So he badly wanted pro-independence assemblymen elected in keystone Pennsylvania today. But he never took anything for granted. "We cannot make events," he'd advised an ally the night before the election. John Adams had a finer ear for a joke than his cousin, a bitterer one, too, and he might have laughed aloud: Who had ever been more audacious in making events than Samuel Adams? Samuel meant it. He didn't, in fact, make events. He improved on them. At home in Boston he could fix an election. Here he'd done all he could.
For all of his terrible urgency, Samuel Adams always seemed to remain in faith that the chance for irresistible action would soon reveal itself.
At the polls, violence broke out at about two that afternoon, when a man named Joseph Swift became irate at the presence of so many immigrants.
Before and after marking their ballots and handing them in at the Chestnut Street windows, voters came into the yard behind the State House, a high-walled expanse set with tall trees. Pale new leaves caught the wind while far below, the "independents" and the "reconciliationists" formed knots, glaring and gossiping and rubbing up against each other.
The immigrants who infuriated Joseph Swift were Germans. As a bloc they were known to favor independence. Not that Swift was a loyalist. Hated in most colonies, loyalists had fled to England or Canada or substantially lowered their profiles. Swift was a Pennsylvania patriot, a man about town of old stock, on the board of the biggest hospital and on the vestry of Christ Church, which was more
than a century old and whose new steeple made it the tallest structure in the colonies. Men like him supported the Continental Congress and the Continental Army. They were risking their security and possibly their lives to restore liberties. The Germans - "Dutch," most Pennsylvanians called them - clung to a guttural language, strange food, and incomprehensible newspapers. Why should they be allowed to swing Pennsylvania toward Massachusetts madness, American independence?
In the yard, Swift got the Germans' attention and told them that, except for what he implied was the ludicrous technicality of their naturalization, they had no right to vote in Pennsylvania. (Immigrants
from the mother country were natural by blood.) He drove the point home: Dutch had no more right to vote, he said for all to hear, than Negroes did. Or, he added, Indians.
Philadelphia's Germans had a well-deserved reputation for toughness. This bunch moved in on Swift. If he'd expected help, he'd made an error. Others in the crowd gathered to watch. As the Germans began pushing Swift around, his friends couldn't step in. Swift's bigotry might cause a full-scale riot. The independents, poll-watching and electioneering in the yard, would run through the streets to broadcast it and bring out more of their vote. Swift's friends started falling all over themselves apologizing to the Germans. The Germans turned on them, too.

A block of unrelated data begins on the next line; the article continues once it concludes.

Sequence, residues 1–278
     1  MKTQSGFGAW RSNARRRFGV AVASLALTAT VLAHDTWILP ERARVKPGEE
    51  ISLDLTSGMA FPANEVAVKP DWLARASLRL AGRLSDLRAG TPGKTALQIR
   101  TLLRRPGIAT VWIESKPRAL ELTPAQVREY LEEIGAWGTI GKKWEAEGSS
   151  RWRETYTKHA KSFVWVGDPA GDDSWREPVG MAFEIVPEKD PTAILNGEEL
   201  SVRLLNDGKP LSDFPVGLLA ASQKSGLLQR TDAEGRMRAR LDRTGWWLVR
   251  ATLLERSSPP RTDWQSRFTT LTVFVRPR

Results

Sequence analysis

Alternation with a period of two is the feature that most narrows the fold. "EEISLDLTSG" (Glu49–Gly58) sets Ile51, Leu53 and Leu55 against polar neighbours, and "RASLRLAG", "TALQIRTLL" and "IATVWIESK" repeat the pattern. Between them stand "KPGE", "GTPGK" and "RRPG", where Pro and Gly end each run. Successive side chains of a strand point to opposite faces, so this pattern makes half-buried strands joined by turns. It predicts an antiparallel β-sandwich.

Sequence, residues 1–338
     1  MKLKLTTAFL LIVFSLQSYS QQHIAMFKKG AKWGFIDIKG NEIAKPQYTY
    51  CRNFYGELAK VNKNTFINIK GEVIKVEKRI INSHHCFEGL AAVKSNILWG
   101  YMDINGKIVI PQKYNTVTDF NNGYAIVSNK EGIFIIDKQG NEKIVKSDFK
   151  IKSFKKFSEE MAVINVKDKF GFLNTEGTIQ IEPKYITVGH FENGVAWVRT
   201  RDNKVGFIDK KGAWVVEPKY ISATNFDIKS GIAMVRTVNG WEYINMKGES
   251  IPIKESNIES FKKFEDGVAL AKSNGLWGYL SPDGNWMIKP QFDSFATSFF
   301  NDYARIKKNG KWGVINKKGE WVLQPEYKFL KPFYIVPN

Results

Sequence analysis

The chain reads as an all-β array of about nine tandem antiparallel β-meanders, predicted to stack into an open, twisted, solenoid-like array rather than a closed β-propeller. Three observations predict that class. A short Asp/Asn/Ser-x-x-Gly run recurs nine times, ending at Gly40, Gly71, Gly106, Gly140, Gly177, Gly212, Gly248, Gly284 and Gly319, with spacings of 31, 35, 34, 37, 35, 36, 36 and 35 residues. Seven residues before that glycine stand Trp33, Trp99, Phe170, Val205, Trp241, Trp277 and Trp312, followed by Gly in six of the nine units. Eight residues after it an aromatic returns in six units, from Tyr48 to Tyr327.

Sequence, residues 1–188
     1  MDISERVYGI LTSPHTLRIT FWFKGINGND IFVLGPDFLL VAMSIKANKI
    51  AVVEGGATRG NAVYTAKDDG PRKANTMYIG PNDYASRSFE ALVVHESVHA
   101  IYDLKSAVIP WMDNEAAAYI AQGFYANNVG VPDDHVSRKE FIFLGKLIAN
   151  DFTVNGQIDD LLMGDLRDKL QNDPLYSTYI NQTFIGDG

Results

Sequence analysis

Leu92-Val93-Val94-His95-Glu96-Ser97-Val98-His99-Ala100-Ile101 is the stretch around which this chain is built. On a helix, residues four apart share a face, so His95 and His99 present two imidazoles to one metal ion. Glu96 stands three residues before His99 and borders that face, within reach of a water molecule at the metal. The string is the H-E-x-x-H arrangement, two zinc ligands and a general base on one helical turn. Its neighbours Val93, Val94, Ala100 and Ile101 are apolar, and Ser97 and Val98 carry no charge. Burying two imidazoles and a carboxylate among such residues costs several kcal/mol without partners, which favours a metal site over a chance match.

In the brawl, Swift managed to shake himself free of the yard and run down Chestnut Street, Germans in pursuit. He fled along the walk against the route of voters, eastward toward the Delaware, arriving at the mansion of one of the city's wealthiest merchants. Breathless and shaken, Swift was taken in. His pursuers were left in the street.
The independents back at the State House took heart from that fracas. Their hope soared at about 6 P.M., when the sheriff closed the State House door with voters still arriving. Voting was concluded for the day, the sheriff shouted. It would resume at nine the next morning. But less genteel voters couldn’t take time off during the workday. They had to vote before nine and after six. Closing the polls seemed to disenfranchise them. The voters started haranguing the sheriff. They demanded that the election continue. They refused to disperse.
The sheriff threw the door open. People flowed in. To the satisfaction of the independents, voting resumed on the authority of the voters themselves. Late that night, when at last the independents went to bed, they had reason to think they would awaken to a new day for America.
The election results told a different story.
On May 2, when the results started coming in, it became clear that voters had rejected the new ticket. They'd returned to the Pennsylvania assembly a majority of establishment lawmakers whose purpose was to ensure that Pennsylvania's delegates in the Continental Congress blocked any move for American independence.
The majority had spoken. Reconciliationists up and down the coast could look forward to an end of Boston extremism. The war would remain defensive, legitimate, restoring old rights and keeping
America within the empire.
Samuel Adams had other ideas.
Read the Revolution is published biweekly by the Museum of the American Revolution to inspire learning about the history of the American Revolution and its ongoing relevance.